Alice In Chains @ Montreal Metropolis – 15th July 2013

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It’s a hot and humid summer night in Montreal and 2,300 people are crammed in early to the Metropolis to witness the return of Alice In Chains. Now touring their second album with new singer William DuVall, there’s less of a curiosity in how the new guy will measure up to Layne Staley, the band’s original and enigmatic frontman, and more of an overall excitement to see a band that are now focused on taking their music forward, rather than riding on past glories.

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Opening with ‘It Ain’t Like That’, it’s clear the old material still resonates with the faithful, and DuVall’s voice replicates Staley’s style well without sounding like a mere copycat. Crucially, their newer material stands proudly against the fan favourites, with ‘Check My Brain’’s sludgy opening riff and recent single ‘Stone’ receiving some of the best reactions of the evening, the latter sounding every inch the Alice In Chains classic.

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“We’ve been all across Canada and this is a fuckin’ great crowd!” enthuses guitarist Jerry Cantrell before taking over lead vocal duties for the acoustic ‘Your Decision’. Without Staley’s presence, Cantrell’s key role within the band has become far more apparent; his voice may not be as far- reaching as DuVall’s, but the tone of his vocals suits the songs he fronts just as well. There’s little else in the way of chitchat tonight, but this crowd isn’t here for the conversation. They’re here to witness a now-legendary rock band deliver some of the best tunes of the past 20 years, and the reception to Mike Inez’s bass intro to ‘Would?’ is certainly testament to that, with DuVall hardly needing to sing a word as the crowd takes over.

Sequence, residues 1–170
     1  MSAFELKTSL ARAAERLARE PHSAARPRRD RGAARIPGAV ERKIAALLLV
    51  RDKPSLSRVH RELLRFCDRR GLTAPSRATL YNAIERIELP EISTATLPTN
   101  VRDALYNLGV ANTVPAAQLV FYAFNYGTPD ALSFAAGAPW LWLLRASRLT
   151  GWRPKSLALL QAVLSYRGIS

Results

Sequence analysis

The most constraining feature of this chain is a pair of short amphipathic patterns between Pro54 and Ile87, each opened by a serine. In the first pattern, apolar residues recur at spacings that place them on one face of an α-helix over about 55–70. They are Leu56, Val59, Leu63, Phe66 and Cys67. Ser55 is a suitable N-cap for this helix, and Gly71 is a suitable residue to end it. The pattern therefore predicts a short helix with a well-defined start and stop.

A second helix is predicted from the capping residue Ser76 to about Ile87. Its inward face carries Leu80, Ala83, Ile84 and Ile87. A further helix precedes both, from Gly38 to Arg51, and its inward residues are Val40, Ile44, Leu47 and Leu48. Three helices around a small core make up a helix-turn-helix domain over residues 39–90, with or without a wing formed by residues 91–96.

To close, the triple-hitter encore of ‘No Excuses’, a rousing ‘Man In The Box’ and the magnificent climax of ‘Rooster’ guarantees this is an evening sealed with quality. And while Alice In Chains’ music always had an undercurrent of loss and sadness even before Staley’s passing, in 2013, it’s quite clear that they’re now focused on positivity and rebirth.


Review & photos – Steve Gerrard

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